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What Is the Zona Glomerulosa?

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  • Written By: Liz Thomas
  • Edited By: C. Wilborn
  • Last Modified Date: 11 September 2014
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The zona glomerulosa is a part of the adrenal gland, which produces hormones in response to stress. This zone secretes a class of hormones known as mineralocorticoids, of which aldosterone is the most abundant. Several diseases can affect the zona glomerulosa, causing the gland to over- or under-produce specific hormones, and disrupting how the body metabolizes minerals.

Part of the name, "glomerulosa," refers to the appearance of the cells in the zona glomerulosa; in Latin, glomus means ball. "Zona" simply means "zone" or layer. Glomerulosa cells appear in arches or clusters and are commonly shaped liked ovals. These cells, arranged in cords, run around the blood capillaries through the adrenal gland.

The adrenal glands are made up of three layers of cells, of which the glomerulosa layer is the thinnest, outer layer. Surrounding the zona glomerulosa is a capsule of tissue and muscle that protects the gland. The zona fasciculata and zona reticularis make up the other zones. The cells in the three layers are very similar, though the types of enzymes present in each vary, and cause different hormones to be produced in each.

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Mineralocorticoids are corticosteroid hormones produced in the zona glomerulosa. These hormones, mainly aldosterone, affect how the body uses minerals, and are responsible for blood pressure regulation by balancing water and salt in the blood. Aldosterone helps the kidneys reabsorb sodium and water and release potassium, which affects blood volume and blood pressure. It also affects the sweat glands, salivary glands, and stomach. Water re-adsorption and the retention of chloride molecules causes cells to expand and triggers salt adsorption.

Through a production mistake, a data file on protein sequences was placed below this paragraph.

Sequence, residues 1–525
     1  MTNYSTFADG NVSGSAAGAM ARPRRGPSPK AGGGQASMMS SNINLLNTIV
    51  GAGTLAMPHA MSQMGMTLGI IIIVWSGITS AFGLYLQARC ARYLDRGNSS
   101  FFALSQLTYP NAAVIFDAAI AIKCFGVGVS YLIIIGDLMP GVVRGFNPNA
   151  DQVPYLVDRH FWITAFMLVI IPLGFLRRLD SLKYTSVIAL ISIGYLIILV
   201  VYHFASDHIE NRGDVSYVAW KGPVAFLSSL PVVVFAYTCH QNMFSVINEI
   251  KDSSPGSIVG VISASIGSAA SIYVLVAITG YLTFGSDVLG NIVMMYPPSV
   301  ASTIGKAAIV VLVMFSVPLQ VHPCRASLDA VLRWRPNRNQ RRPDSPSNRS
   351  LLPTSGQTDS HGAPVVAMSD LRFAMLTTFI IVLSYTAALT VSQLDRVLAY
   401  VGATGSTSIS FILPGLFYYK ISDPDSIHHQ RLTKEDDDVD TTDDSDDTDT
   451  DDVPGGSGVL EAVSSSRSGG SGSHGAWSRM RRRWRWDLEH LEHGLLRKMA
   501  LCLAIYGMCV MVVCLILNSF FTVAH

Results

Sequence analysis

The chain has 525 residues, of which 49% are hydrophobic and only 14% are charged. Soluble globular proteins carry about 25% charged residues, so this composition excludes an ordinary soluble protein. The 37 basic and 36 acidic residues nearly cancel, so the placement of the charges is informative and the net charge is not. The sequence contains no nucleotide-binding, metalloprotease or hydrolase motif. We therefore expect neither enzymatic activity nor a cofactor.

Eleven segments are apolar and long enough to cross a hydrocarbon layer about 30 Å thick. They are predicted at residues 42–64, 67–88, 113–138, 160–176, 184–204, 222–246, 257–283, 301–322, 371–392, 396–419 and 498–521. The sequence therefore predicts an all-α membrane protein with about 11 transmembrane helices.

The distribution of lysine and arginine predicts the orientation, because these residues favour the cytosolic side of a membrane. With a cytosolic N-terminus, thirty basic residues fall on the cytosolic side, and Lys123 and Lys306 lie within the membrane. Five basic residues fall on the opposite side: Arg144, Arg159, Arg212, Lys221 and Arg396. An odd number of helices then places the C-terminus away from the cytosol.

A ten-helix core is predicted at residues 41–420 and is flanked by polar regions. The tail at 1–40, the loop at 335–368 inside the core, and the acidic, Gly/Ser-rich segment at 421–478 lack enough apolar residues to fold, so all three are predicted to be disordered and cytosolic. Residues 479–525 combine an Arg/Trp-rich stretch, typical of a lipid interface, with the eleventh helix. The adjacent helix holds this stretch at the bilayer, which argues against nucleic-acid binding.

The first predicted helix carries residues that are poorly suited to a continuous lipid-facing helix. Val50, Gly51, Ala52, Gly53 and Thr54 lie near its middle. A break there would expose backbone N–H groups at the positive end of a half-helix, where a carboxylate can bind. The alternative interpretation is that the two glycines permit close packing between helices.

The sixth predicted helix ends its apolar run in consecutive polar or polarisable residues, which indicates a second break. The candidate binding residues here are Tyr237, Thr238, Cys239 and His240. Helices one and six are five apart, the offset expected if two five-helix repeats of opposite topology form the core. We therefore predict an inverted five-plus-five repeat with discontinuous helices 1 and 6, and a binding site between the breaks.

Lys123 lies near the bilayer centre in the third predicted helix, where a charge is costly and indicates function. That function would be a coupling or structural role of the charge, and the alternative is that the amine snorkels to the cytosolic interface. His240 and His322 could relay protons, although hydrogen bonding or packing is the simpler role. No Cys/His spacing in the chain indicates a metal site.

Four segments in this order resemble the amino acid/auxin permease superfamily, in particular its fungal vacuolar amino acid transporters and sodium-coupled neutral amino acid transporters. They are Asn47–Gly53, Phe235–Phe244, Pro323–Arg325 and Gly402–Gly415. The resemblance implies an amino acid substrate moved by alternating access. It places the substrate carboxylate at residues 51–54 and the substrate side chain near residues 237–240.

Stimulation of aldosterone production in the zona glomerulosa is affected by elevations of potassium ions in the blood and the concentration of angiotensin II, a peptide that causes blood vessel restriction. These chemicals cause calcium ions to move into the glomerulosa cells, activating enzymes. Currently, scientists do not fully understand the mechanism of calcium movement.

Though cancer in the adrenal glands is very rare, one malignant type, adrenocortical carcinoma, can develop in the zona glomerulosa. Although it grows in the outer layer, it can cause changes in the levels of hormones produced by any part of the adrenal gland, including cortisol, testosterone, or estrogen, as well as aldosterone. Age and certain genetic conditions are typically the largest risk factors for this form of cancer.

Other conditions can affect the zona glomerulosa, including hyperaldosteronism, also known as Conn's syndrome. Hyperaldosteronism can be caused by a tumor or as a result of a second condition. It causes an overproduction of aldosterone, which typically results in high blood pressure, fatigue, and muscle weakness.

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